Why it made the list: I'll be honest, it took me a little while to get really into this story. I think part of it is the jumping between the different characters and having to keep up with who is who in the beginning. It's hard to keep a reader super invested. But, once things started moving, I got more and more into it. Each character has his/her own history that gets a bit of focus, and of course the ending just leaves you wanting more.
The Girl on the Train by Paula Hawkins
Synopsis: A debut psychological thriller that will forever change the way you look at other people’s lives. Rachel takes the same commuter train every morning. Every day she rattles down the track, flashes past a stretch of cozy suburban homes, and stops at the signal that allows her to daily watch the same couple breakfasting on their deck. She’s even started to feel like she knows them. “Jess and Jason,” she calls them. Their life—as she sees it—is perfect. Not unlike the life she recently lost. And then she sees something shocking. It’s only a minute until the train moves on, but it’s enough. Now everything’s changed. Unable to keep it to herself, Rachel offers what she knows to the police, and becomes inextricably entwined in what happens next, as well as in the lives of everyone involved. Has she done more harm than good?
Why it made the list: Yes, this book was the hottest thing out there this year. But it's for a good reason. The characters are interesting, and the story very twisty. It's hard to figure out just what happened, which is great for a mystery novel. If some of you are reluctant to get on the hype train, don't be. I don't think you'll be disappointed.
The Darkest Minds by Alexandra Bracken
Synopsis: When Ruby woke up on her tenth birthday, something about her had changed. Something alarming enough to make her parents lock her in the garage and call the police. Something that gets her sent to Thurmond, a brutal government “rehabilitation camp.” She might have survived the mysterious disease that’s killed most of America’s children, but she and the others have emerged with something far worse: frightening abilities they cannot control. Now sixteen, Ruby is one of the dangerous ones. When the truth comes out, Ruby barely escapes Thurmond with her life. Now she’s on the run, desperate to find the one safe haven left for kids like her—East River. She joins a group of kids who escaped their own camp. Liam, their brave leader, is falling hard for Ruby. But no matter how much she aches for him, Ruby can’t risk getting close. Not after what happened to her parents.
Why it made the list: Now, I did read all three of these books this year, but I'm only placing the first one on the list. While I did still like the other two (okay, I wasn't the biggest fan of the second one), I can only say that the first one drew me in and kept me in. I had to keep reading it, to find out what happened next. Ruby is an interesting and deep character, and so are the others she meets along her journey. It's a road trip and a scifi book all in one.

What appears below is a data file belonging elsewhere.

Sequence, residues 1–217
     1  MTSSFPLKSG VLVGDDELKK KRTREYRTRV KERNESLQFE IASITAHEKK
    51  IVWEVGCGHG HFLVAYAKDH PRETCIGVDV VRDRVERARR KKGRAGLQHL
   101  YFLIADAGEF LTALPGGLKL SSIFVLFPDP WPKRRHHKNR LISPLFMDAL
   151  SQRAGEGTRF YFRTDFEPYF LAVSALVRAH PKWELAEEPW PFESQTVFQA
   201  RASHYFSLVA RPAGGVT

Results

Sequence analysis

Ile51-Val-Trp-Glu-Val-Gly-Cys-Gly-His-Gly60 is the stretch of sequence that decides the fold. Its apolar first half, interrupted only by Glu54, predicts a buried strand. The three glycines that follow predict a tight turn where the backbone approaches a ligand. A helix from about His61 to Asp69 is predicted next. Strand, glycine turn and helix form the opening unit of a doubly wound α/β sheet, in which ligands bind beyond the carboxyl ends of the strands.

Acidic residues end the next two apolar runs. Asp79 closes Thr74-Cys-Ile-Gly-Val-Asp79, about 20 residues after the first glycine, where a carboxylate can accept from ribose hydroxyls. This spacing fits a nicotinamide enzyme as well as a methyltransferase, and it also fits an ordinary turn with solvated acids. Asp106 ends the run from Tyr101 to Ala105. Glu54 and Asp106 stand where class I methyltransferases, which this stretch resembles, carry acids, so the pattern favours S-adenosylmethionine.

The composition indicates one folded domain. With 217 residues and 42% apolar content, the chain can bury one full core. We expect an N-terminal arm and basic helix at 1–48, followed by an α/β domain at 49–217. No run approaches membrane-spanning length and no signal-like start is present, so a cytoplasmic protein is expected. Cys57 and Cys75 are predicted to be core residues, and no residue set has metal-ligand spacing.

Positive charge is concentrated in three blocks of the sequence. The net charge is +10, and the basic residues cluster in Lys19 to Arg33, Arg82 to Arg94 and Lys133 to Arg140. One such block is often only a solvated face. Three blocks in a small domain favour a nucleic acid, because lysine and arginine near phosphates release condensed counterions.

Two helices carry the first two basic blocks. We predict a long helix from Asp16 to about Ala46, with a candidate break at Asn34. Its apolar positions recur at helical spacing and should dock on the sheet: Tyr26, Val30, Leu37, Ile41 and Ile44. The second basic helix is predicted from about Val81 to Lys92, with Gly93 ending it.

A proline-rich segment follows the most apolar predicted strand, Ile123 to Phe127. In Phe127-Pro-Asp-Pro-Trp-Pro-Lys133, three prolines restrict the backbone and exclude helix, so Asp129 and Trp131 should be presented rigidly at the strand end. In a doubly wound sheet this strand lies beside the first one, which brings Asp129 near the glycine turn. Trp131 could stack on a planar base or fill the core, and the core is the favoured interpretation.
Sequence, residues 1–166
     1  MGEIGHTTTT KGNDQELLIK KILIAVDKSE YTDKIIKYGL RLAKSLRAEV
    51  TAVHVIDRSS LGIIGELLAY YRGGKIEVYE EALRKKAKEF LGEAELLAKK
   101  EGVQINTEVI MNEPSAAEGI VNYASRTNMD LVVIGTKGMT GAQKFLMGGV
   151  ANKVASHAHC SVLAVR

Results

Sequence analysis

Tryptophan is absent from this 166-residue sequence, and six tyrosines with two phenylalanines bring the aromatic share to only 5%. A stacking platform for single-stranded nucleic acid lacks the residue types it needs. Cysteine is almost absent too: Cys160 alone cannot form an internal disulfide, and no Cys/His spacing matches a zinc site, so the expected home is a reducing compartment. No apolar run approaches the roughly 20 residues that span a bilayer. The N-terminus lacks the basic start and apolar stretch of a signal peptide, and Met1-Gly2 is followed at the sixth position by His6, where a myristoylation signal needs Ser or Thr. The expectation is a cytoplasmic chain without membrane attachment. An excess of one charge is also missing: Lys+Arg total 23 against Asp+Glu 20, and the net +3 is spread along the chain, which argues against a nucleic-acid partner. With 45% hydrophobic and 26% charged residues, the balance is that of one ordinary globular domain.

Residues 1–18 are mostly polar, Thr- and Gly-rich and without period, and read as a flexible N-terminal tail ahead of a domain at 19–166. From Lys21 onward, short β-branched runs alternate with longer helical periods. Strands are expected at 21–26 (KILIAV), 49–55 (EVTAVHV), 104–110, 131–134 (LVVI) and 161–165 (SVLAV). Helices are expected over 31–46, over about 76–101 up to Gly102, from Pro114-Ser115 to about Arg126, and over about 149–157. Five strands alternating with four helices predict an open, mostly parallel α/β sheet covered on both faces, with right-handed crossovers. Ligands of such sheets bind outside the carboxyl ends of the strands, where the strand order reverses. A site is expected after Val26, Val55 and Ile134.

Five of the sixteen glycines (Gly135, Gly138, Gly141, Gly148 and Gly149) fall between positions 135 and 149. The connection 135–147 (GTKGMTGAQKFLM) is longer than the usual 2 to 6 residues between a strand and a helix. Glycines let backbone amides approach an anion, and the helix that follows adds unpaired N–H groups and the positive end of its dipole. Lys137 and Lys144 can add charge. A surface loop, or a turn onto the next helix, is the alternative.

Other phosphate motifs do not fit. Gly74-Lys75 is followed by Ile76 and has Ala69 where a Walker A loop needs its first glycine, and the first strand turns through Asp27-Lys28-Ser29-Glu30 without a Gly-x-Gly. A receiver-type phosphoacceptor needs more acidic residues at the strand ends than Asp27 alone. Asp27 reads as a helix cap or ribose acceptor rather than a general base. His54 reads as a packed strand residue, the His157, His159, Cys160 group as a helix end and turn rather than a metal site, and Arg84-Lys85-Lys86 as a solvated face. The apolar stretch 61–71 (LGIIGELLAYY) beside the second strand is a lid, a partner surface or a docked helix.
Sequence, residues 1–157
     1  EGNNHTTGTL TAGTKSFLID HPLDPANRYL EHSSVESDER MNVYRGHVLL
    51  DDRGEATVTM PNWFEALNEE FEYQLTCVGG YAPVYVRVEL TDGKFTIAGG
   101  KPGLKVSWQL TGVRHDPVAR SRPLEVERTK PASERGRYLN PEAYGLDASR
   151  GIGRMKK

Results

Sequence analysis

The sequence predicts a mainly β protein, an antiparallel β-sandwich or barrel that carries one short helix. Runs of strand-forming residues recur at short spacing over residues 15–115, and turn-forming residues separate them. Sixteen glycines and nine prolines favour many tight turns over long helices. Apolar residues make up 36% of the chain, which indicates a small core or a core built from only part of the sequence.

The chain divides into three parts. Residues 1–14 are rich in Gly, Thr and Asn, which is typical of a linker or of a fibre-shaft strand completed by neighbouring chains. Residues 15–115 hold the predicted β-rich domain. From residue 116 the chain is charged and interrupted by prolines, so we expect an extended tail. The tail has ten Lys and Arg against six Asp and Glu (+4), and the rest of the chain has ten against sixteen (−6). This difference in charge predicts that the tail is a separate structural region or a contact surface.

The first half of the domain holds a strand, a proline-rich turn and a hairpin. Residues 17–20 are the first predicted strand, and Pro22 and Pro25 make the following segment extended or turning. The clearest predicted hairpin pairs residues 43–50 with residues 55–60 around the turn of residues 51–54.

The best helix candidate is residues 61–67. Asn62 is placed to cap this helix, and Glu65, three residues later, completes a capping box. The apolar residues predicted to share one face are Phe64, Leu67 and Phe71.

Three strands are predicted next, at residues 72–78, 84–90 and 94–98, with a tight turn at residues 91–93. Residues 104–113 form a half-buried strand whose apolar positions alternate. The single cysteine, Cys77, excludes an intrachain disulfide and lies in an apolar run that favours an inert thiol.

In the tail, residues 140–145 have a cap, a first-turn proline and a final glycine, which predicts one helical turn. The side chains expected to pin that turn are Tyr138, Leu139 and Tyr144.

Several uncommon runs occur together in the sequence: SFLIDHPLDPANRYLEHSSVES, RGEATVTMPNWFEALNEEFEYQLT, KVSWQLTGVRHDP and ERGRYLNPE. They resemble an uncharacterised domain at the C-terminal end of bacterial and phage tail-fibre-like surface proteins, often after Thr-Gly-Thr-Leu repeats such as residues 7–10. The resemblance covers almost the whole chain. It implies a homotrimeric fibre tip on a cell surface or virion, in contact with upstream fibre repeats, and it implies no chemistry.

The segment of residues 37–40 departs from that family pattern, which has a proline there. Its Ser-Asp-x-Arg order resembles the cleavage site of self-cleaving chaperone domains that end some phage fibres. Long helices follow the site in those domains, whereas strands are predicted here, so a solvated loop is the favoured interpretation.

Cress by Marissa Meyer
Synopsis: In this third book in the Lunar Chronicles, Cinder and Captain Thorne are fugitives on the run, now with Scarlet and Wolf in tow. Together, they’re plotting to overthrow Queen Levana and her army. Their best hope lies with Cress, a girl imprisoned on a satellite since childhood who's only ever had her netscreens as company. All that screen time has made Cress an excellent hacker. Unfortunately, she’s just received orders from Levana to track down Cinder and her handsome accomplice. When a daring rescue of Cress goes awry, the group is separated. Cress finally has her freedom, but it comes at a high price. Meanwhile, Queen Levana will let nothing prevent her marriage to Emperor Kai. Cress, Scarlet, and Cinder may not have signed up to save the world, but they may be the only hope the world has.
Why it made the list: I think this book in the Lunar Chronicles series may have been my favorite so far. I just couldn't get enough of Cress and Captain Thorne. In fact, every time the book switched to the other characters, who you would think I cared most about, I was like no please go back to Cress and Thorne. Call me a sap, I guess, because I enjoyed their developing relationship more than I have any of the others. I haven't had a chance to read the last book in the series yet, but I hope it's just as good!
As always, I have many more books still on my to-read list. I'm currently reading Lair of Dreams by Libba Bray, and considering The Diviners made the list back in 2012, it stands to reason that it would probably make this list as well, but I only just started it so I can't say for certain yet! A couple of the other books that are high on my to-read list are Illuminae by Amie Kaufman and The Wrath and the Dawn by Renee Ahdieh, and apparently I need to read the whole Throne of Glass series by Sarah J. Maas as well! I admit I'm also into the Cormoran Strike series by Robert Galbraith (aka JK Rowling), and need to read the latest one. So much to read, so little time!
My Favorite Books of 2014
My Favorite Books of 2013
My Favorite Books of 2012